Visualisation of the Newton Aycliffe plant (CREDIT: Ryder Architecture)

Train-builder prepares for factory recruitment

Hitachi is engaged in a concerted skills development programme in the North East as it prepares to build a new train factory.

Around 730 people will eventually be employed at the plant in Newton Aycliffe, County Durham and there will also be a research and development department at the site.

Hitachi will use the factory to build a new fleet of inter-city trains to replace the veteran HSTs that have been in service since the 1970s, so the company wants to enlarge the local ‘pool’ of school-leavers and adults with the right qualifications and skills.

Hitachi has just signed the contract for construction and fit-out of the plant with preferred bidder Merchant Place Developments.

This will be Hitachi’s first train factory in Europe, representing an £82m investment and backed by a £4m grant by the Department for Business, Innovation and Skills. The site was chosen because it has good access by road, rail and ship and a highly skilled workforce in the vicinity.

Initially Super Express Trains for the Great Western Main Line and the East Coast Main Line will be built at Newton Aycliffe, but the plant will be laid out to build other train types for Britain and Europe, including metro and double-decker trains and, potentially, the Crossrail rolling stock if Hitachi should win that order.

Even before the foundations are laid, manufacturing plant manager Darren Cumner is preparing his recruitment campaign. Speaking at the Railtex trade show in London, he told E&T that he is speaking to local schools and universities about their curricula, as well placing advertisements in Darlington and Bishop Auckland Colleges to tell students what kind of skills Hitachi will be looking for.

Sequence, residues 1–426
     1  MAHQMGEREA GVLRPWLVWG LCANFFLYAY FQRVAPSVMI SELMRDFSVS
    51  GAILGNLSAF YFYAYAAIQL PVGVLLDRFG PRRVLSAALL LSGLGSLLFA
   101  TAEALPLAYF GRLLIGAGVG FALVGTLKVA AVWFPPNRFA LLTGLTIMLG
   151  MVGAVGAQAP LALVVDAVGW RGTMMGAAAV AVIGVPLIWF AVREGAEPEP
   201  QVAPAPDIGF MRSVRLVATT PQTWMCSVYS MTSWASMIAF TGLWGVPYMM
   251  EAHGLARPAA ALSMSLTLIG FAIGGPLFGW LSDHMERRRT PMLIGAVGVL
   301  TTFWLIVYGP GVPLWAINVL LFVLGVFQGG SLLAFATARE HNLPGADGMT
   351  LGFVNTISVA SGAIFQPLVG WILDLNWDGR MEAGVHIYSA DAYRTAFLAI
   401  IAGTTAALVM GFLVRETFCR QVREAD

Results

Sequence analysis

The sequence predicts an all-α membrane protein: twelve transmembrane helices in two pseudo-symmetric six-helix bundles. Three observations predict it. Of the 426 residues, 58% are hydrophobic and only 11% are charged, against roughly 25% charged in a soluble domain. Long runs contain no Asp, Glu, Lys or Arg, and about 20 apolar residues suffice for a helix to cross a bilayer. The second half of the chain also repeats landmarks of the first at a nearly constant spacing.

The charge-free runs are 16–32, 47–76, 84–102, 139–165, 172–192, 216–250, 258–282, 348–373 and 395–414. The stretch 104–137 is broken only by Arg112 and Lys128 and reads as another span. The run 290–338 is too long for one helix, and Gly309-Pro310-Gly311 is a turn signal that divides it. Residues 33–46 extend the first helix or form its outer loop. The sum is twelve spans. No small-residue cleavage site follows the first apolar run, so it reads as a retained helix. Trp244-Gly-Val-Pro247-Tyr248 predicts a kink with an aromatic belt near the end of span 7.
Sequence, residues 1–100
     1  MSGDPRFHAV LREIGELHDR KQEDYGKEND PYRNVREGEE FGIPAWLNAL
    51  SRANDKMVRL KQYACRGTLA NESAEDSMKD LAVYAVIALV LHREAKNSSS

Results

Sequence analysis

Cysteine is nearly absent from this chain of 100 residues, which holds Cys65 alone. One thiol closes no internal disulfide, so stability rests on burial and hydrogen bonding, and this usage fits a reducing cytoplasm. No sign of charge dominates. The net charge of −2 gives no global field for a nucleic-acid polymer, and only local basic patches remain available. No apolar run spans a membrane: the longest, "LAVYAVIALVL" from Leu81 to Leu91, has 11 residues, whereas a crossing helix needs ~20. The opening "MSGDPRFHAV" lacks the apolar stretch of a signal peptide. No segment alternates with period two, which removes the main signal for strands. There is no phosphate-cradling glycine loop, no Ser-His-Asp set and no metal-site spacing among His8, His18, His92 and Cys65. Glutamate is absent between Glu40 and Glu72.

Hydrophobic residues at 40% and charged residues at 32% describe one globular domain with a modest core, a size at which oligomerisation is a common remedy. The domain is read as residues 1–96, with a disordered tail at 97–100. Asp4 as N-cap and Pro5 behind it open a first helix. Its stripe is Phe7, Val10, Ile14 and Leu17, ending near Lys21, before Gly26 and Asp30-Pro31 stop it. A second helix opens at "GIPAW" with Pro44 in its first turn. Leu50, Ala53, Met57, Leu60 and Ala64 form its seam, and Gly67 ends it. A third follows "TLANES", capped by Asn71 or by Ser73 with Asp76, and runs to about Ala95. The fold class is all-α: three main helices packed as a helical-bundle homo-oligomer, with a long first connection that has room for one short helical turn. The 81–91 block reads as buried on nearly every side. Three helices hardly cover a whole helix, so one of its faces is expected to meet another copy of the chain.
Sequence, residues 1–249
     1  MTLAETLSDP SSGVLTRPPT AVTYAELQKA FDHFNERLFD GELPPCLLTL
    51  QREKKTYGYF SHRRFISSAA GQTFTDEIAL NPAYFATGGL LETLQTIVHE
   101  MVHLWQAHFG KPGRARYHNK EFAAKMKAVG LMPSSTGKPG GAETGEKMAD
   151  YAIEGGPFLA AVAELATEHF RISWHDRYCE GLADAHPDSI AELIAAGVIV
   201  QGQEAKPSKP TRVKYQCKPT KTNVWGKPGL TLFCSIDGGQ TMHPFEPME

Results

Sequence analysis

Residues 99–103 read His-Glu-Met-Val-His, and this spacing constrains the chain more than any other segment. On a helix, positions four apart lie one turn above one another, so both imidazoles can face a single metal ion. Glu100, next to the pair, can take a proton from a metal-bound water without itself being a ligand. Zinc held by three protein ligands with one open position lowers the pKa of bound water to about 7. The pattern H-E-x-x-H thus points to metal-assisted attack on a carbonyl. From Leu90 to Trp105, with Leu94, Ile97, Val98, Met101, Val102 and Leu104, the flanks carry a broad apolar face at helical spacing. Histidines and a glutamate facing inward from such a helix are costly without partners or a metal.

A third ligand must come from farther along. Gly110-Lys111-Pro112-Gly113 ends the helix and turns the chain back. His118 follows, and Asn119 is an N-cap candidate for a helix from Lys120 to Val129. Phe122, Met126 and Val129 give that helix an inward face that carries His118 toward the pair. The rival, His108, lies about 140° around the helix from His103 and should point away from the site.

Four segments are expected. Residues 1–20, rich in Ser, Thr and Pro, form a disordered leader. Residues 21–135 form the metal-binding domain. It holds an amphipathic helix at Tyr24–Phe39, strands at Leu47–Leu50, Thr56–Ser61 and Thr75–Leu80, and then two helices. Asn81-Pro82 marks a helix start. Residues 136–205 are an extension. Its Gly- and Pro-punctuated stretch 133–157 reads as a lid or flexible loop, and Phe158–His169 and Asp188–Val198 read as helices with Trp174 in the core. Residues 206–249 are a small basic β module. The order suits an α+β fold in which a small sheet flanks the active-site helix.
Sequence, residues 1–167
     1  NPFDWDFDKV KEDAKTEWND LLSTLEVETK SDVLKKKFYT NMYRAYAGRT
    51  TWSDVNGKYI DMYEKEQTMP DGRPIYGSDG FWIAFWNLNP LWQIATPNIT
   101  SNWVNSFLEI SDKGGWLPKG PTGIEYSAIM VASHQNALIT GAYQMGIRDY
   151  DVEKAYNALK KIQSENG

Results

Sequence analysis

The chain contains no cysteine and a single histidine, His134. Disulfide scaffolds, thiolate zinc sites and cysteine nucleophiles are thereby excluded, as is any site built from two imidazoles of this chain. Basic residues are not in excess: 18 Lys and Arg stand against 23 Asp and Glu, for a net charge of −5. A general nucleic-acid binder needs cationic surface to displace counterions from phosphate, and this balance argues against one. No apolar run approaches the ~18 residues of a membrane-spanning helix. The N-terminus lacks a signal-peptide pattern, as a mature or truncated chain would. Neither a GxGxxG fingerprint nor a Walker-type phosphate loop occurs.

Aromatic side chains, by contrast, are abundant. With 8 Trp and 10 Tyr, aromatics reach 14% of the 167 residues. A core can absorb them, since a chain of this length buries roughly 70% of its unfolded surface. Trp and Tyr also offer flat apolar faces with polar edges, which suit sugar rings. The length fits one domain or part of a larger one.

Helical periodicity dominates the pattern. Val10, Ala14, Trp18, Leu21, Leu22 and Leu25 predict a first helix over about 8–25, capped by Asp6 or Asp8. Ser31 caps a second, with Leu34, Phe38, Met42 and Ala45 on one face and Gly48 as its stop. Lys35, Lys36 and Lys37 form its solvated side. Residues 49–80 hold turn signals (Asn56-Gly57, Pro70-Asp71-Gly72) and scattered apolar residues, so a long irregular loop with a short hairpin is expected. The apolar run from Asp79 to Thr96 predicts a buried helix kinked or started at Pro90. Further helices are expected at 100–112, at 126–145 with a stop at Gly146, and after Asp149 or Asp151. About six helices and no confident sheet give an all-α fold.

He is also having talks with Nissan and other regional employers about upskilling initiatives to increase the pool of skilled labour and avoid a destructive round of “poaching”.

“You have to remember that this is still a craft business,” he said. “We’re not manufacturing in automotive volumes.”

An archaeological exploration is currently under way at the factory site. Construction is due to start at the end of 2013, with the factory scheduled to go into production in 2016. The Super Express Trains will go into full passenger service in 2017.

Alistair Dormer, executive chairman and chief executive officer of Hitachi Rail Europe, said: “By investing substantially in our train factory, we are creating employment opportunities for a large number of engineers and technicians in the North East of England, which has a strong tradition of engineering skills. We are keen to fill our order books, building trains here in the UK – for use in Britain and for exporting to continental Europe.”

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